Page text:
THE CALL OF THE WILD
That’s Stella again, my great grandmother riding a motorbike. The photo reminded me that it’s important, if not vital, to get out of the house and do something wild, weird, or bizarre.
For the past two years I’ve been running on the fumes of Punchdrunk, the production company that created The Masque of the Red Death in 2007, an immersive theatre experience based on the short stories of Edgar Allen Poe. At that time I was in dire need of refuelling. While in the middle of re-structuring my memoir, I was losing steam rather quickly; a leaky gas tank, if you will.
Punchdrunk transformed the entire premises of the Battersea Arts Centre, a five story Victorian building, formerly a Town Hall. Imagine roaming one of the largest buildings in your town or city after dark and recognizing nothing about it. Imagine being given a big white plastic mask, which you must wear at all times except in the Palais Royale, a music hall somewhere in the building that you must remember to find.
The hook-nosed masks that seventeenth-century medics thought would protect them from the Red Death inspired the creation of the masks.
Bloggers warned us to wear sturdy shoes and have an even sturdier heart because some experiences were genuinely frightening. And lastly, it was suggested that if you were prepared to investigate on your own, ditching those who went with you, it was then that the most interesting things happen to you. I ditched.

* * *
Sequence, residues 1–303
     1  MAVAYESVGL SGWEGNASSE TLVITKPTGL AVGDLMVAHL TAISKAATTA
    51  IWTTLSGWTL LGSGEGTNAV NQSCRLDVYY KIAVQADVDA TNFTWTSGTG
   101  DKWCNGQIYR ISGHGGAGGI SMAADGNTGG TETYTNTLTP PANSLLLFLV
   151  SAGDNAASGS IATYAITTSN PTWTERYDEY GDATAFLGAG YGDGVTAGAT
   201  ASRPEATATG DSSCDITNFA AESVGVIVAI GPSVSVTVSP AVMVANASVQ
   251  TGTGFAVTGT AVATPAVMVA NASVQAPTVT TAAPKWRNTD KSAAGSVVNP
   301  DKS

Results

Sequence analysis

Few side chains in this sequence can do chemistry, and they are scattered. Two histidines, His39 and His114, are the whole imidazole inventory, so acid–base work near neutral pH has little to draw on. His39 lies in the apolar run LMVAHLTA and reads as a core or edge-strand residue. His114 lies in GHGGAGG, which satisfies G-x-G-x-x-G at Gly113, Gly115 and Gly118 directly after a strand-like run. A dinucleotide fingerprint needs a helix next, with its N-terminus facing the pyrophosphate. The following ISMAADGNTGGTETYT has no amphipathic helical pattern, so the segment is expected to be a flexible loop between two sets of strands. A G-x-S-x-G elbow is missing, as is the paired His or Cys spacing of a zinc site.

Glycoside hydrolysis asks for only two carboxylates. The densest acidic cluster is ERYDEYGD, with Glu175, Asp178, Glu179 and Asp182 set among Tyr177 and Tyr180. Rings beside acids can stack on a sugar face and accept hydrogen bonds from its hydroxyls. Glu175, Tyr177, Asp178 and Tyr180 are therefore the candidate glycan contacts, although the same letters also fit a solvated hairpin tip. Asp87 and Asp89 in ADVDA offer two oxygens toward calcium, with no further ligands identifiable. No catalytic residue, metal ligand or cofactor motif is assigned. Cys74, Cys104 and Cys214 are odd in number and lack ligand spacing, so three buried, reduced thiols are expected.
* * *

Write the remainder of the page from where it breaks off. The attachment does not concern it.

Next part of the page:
With all the advice I was still ill prepared for the evening. The white mask was surprisingly comfortable and offered anonymity. And I soon learned it distinguished the actors from the audience, helpful when one is immersed in a promenade production.
For three and a half hours I walked room-by-room, floor-by-floor. The mask made it slow going in the dark. I was forced to move my head in a different way and had little to no peripheral vision. The sound effects throughout the building were enveloping, my heart thumped to a world-weary sound I found impossible to describe. I felt I had walked into a nightmare in the mid nineteenth century.
I came upon a room where an unusually tall man dressed in a black cape and top hat dressed others in black capes. I stood in line to receive mine; he tied it just under my chin without a word. It was a strange, silent dance. For the rest of the evening, our capes rustled through rooms; we looked like blackbirds with white beaks.
I saw a man being buried alive in a wall. I walked though a fireplace. I climbed countless stairs to the attic in which a wooden platform crossed the eaves and led to a murderer’s bedroom and hideout. Hanging in the washroom were bloodstained clothes. I was the only person in the attic. I got out of there.
Four floors down in the basement was a well-stocked wine cellar and a coffin.
I picked up my pace and followed the stories of several different characters by running after them room to room. The opium den was very nice as opium dens go, a man smoked, and after which, fell into that deep sleep. A black cat, a real one, and I sat in a deserted parlour; I rested, fully expecting something to jump out at me. The fact that nothing did was probably the point. I witnessed the purchase of Victorian potions in a small apothecary; the characters stood so close to me that our arms touched. A man with a doctor’s bag rushed past, I ran after him to the bedside of the sickly and deranged Madeline, Usher’s beloved sister, as the doctor attended to her.